“Only if you do the lead-up in theatre before we went to the caves. She was quite annoyed that we left her back at the FOB.”
“Couldn’t we have her go down with you and get captured and you have to rescue her?”
“Well we’ll work on that. Now once you were down in the tunnels, how did you see?” Asked the producer.
“We didn’t. It was all by smell, hearing and touch. We didn’t wash or clean our teeth in case they smelled us. It was totally dark, the only light was from the muzzle flashes of the weapons.”
“Did you use flamethrowers? It’s just that the viewer will find it terribly boring if they can’t see anything.
“We didn’t use flamethrowers because we would have asphyxiated ourselves. You can get round the problem by using NVGs, sorry, night vision goggles. You see everything through a greenish tinge. We didn’t actually use them because they give off reflected light onto the face of the wearer. Plus, they are constraining and you lose the other senses.”
“What about motion trackers?”
“You know, like the film Aliens. They show movement, like some kind of radar.”
Jarvis looked desperately at Ross Kemp, who looked back with a smile, as though saying, You’re on your own, pal.”
“Err, they don’t work because of all the rock around you.”
“Oh. Pity that.”
The meeting went on until just before midday when the assistant producer showed them revised story boards.
“They’re much better. I only have one, small criticism.”
Jarvis was back in Afghanistan, constant dust in his eyes, the smells of gun oil and damp sleeping bags, a beautiful girl staring through a keffiyah at him, violet eyes below a perpetual scowl. The thuds of the fifty-cal and the roars of aircraft, and her subtle but noticable aroma, like spices…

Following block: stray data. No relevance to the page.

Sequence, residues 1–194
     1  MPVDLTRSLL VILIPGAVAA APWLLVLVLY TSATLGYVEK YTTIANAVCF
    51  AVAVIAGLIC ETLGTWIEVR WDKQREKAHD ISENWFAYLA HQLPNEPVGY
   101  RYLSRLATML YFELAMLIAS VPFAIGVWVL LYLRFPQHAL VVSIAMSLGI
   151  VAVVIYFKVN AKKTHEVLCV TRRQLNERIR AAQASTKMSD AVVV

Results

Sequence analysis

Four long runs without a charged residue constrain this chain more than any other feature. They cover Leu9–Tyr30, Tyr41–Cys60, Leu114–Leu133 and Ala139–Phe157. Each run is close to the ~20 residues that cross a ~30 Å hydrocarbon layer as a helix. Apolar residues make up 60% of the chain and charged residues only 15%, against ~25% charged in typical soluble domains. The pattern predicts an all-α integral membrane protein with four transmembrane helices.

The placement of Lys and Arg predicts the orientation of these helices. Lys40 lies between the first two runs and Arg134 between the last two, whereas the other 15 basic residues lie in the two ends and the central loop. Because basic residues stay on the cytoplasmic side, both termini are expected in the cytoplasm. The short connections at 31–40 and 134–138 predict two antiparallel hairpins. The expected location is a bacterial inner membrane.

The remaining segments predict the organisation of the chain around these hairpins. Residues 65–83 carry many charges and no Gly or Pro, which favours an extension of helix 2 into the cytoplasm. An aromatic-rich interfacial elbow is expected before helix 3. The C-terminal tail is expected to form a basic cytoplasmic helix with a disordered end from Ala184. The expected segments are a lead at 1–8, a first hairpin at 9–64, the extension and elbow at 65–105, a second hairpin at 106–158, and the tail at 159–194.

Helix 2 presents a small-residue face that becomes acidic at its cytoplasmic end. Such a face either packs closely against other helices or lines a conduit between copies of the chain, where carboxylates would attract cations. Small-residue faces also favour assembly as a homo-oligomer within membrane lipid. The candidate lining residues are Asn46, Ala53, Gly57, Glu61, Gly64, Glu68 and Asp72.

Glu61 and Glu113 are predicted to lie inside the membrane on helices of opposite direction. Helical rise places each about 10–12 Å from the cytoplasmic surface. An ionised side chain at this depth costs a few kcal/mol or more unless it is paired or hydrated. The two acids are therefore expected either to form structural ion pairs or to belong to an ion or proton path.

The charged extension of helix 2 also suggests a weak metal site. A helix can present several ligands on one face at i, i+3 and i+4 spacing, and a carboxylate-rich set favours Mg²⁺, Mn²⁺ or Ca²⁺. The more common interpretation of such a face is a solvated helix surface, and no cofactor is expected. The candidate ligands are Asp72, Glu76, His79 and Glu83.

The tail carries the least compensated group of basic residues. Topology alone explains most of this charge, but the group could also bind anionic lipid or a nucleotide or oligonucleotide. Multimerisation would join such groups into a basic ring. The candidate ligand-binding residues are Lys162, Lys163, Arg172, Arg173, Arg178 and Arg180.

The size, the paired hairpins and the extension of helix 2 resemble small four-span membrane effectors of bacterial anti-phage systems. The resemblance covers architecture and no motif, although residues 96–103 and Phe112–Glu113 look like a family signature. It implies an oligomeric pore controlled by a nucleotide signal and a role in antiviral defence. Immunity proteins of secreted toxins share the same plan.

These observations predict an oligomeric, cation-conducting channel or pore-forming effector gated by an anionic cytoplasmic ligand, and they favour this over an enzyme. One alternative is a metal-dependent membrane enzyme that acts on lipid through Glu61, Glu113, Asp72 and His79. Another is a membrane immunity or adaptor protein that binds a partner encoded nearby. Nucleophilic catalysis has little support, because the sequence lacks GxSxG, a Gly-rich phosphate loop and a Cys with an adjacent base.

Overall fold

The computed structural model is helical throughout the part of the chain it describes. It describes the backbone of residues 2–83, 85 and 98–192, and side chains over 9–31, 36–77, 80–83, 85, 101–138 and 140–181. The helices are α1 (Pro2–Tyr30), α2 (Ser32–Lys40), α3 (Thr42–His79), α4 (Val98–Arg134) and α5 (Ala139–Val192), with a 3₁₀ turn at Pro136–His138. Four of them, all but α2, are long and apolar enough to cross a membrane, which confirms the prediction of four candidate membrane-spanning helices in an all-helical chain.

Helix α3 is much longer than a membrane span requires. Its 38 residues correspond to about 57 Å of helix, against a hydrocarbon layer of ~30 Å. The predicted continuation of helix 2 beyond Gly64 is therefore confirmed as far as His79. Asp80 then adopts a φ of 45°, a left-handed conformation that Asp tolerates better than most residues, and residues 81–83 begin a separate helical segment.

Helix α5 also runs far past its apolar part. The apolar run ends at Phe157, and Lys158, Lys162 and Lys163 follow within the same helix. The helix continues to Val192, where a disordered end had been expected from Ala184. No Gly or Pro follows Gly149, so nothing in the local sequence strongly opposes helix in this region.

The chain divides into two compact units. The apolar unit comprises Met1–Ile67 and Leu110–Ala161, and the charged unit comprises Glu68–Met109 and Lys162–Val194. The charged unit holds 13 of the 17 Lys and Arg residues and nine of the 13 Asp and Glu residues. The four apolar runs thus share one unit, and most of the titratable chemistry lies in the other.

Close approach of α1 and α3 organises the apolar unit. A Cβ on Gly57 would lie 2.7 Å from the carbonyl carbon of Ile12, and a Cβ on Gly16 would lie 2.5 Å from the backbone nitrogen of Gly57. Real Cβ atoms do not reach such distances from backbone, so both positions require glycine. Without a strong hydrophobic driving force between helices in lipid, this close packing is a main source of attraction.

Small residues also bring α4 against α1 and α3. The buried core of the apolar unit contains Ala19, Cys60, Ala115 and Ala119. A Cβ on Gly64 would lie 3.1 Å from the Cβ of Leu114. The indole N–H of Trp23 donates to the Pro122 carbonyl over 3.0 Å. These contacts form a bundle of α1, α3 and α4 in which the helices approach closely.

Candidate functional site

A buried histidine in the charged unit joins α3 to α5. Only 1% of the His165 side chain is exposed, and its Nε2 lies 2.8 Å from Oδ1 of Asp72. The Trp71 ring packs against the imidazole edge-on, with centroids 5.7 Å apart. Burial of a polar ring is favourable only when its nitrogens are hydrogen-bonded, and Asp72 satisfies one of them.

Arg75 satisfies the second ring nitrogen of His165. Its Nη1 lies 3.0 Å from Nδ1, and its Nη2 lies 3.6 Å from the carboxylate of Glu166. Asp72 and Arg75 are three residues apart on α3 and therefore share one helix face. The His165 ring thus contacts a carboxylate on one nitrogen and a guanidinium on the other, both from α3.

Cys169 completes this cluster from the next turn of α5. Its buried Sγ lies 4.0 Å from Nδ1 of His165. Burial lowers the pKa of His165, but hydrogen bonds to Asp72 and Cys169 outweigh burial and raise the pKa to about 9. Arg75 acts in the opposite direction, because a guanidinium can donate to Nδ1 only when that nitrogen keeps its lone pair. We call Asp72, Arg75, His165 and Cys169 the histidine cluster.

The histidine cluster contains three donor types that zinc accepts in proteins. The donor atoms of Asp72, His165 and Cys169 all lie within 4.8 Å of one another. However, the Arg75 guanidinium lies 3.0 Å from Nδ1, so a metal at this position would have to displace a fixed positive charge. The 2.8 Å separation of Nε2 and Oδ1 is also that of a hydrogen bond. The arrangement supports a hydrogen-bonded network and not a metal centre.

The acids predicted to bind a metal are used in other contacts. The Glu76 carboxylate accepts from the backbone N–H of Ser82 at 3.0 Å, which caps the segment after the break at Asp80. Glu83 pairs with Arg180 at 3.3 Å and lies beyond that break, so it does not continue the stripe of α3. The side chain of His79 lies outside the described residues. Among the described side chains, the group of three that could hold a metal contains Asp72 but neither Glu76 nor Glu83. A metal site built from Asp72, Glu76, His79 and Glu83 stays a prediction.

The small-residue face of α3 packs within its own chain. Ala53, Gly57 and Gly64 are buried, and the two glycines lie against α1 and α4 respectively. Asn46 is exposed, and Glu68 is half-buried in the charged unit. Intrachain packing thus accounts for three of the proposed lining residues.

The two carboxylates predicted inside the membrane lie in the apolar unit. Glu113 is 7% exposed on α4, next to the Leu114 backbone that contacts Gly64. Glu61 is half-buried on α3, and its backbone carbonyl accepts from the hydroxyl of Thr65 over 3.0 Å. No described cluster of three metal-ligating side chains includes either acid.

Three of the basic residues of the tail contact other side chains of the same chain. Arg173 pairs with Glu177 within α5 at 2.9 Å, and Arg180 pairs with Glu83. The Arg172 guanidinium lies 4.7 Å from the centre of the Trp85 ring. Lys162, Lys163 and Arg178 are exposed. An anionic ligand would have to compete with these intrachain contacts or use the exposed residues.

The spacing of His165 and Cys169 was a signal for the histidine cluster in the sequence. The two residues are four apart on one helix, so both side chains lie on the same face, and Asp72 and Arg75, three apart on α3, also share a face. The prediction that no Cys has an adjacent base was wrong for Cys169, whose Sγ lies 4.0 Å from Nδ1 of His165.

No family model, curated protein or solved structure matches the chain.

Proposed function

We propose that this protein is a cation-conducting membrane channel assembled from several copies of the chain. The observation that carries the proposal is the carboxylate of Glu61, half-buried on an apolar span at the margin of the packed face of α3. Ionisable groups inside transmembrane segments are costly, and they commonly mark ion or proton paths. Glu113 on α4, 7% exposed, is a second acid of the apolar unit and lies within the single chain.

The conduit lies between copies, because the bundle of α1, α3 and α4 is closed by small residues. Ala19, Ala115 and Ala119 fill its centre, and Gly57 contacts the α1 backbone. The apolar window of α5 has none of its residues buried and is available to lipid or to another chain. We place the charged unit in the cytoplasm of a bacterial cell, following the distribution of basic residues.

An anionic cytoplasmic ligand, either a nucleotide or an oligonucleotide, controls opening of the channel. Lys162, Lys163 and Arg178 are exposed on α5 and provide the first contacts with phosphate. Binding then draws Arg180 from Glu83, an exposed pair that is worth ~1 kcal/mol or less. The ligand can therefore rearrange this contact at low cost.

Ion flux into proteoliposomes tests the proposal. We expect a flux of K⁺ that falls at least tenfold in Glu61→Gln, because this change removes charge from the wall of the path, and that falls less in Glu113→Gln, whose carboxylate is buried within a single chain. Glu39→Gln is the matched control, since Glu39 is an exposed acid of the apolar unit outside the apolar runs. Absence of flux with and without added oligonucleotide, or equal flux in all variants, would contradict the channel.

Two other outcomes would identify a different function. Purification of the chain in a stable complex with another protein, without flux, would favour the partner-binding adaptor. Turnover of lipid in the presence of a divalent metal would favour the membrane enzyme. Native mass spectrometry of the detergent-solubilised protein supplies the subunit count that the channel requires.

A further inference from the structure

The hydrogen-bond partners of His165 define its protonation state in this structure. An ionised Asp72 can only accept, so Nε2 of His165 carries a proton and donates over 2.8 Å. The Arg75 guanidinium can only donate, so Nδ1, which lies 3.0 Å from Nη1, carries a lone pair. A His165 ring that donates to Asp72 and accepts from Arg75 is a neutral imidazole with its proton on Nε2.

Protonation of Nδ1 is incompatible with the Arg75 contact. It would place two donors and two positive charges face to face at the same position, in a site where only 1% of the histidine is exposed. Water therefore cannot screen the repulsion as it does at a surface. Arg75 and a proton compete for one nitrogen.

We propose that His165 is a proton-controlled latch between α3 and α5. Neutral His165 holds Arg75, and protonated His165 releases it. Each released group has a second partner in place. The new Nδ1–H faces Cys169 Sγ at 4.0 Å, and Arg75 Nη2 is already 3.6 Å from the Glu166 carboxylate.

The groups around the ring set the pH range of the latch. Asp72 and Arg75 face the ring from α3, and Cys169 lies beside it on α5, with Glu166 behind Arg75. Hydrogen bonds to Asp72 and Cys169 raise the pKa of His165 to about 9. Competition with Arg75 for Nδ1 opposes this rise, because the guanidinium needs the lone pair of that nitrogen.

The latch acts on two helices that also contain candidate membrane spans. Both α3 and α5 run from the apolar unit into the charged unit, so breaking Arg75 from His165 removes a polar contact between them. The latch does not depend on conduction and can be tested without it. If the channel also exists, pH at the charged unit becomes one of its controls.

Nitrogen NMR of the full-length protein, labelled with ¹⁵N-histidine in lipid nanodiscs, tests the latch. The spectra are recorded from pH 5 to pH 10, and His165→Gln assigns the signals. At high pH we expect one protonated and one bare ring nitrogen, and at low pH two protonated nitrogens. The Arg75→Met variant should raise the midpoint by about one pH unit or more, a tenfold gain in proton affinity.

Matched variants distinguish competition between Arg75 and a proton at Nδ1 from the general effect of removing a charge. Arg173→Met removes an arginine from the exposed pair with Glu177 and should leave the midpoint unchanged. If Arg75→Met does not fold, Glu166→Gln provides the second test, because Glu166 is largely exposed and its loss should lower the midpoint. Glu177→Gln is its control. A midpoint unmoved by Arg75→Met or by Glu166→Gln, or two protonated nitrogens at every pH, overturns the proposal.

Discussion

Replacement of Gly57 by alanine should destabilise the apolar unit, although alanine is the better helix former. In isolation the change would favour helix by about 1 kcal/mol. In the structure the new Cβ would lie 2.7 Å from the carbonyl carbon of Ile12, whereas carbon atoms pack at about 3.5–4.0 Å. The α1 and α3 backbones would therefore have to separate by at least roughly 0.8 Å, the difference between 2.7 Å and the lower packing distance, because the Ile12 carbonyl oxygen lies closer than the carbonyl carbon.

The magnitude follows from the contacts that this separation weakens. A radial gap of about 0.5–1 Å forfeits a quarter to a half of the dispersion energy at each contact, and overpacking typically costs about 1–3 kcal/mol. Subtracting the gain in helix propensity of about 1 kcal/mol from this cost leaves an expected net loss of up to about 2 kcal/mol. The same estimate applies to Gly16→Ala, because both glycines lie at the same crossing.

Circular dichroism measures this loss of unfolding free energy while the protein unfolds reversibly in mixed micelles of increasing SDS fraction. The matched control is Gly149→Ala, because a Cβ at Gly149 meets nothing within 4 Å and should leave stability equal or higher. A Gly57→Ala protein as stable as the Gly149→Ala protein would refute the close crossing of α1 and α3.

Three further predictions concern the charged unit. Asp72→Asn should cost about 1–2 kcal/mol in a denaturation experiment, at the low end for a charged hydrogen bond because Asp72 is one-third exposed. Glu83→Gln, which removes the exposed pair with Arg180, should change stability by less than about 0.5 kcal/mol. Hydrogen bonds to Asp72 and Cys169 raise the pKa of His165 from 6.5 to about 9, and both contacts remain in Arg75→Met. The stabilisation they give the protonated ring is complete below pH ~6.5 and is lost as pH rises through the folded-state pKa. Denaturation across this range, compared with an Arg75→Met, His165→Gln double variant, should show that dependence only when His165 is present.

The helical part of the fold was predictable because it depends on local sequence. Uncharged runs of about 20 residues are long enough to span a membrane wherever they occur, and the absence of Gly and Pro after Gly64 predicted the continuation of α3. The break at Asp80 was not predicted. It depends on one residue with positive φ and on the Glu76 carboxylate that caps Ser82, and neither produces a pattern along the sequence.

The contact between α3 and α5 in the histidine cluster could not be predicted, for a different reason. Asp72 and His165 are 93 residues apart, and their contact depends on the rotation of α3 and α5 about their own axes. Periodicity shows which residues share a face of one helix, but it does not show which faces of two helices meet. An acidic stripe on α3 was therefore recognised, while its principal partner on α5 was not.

“You don’t do the interpreter justice. She was… Well, difficult to quantify. I thought she was beautiful, captivatingly beautiful.”
Jarvis realised they were all staring at him, “What happens now?”
“We’ll contact you with updates and there will be some more meetings. It would be good if you could attend the final production meeting and some of the shoots.”
“I wouldn’t miss it,” Jarvis said and shook their hands, “Thank you all and you, Mr Kemp.”
In the foyer of the television production company in Norwich, Jarvis came out of the stairwell doors, the same time as the lift doors opened across the other side of the lobby. He wore a suit that was a little tight across his shoulders. His hair was closely cropped to be non-existent and his face was hewn by a life spent outdoors and battered by the slings and arrows of outrageous fortune, but his handsomeness had aged with him. He stared across at the two women who had come out of the lift. One obviously worked for the production company because of the identity badge on a ribbon round her neck. The other was a striking Muslim woman wearing a hijab.
Jarvis’ eyes narrowed and he strode across the foyer. He was convinced the Gods were playing tricks with his mind. The company woman gave a start and placed herself between the Muslim woman and the advancing man, who ignored her and went up to the woman in the hijab.
“As I live and breathe,” he said pleasantly, “If it isn’t the Gash with the ‘Tache.”
The woman from the television company looked at him with disgust and beckoned to the armed security guard by the main doors. She was amazed when the Muslim woman gave a gasp of pleasure and threw her arms round the man’s neck, which was slightly awkward because of her artificial right arm.
“Oh, Jarvis! It is you isn’t it. When was the last time?”
No it wasn’t. It was on board HMS Ocean in 2011, when I plucked up the courage to tell you that I loved you, but you were somewhere else, where the painkillers and morphine had taken you.
“And you remembered me after all these years. You haven’t changed a bit. Well…”
“I never forget an arse,” he told her solemnly, “And you’re a bloody liar. But in your case, you haven’t, apart from…”
“Can you wait for me? I just need to say goodbye to this lady.”
He nodded and the security guard stood down. He didn’t really relish having to try to forcibly eject the man in the suit. Outside on Edward Street Afarin put her good arm through Jarvis’s. She leaned into him, it was like their shared fears and hardships made the years irrelevant. They were a diminishing band of brothers.
“You fancy a spot of late lunch?” he asked her and she nodded gratefully, “But isn’t it your Ramadamadingdong?”
“I don’t bother with that crap,” she said light-heartedly.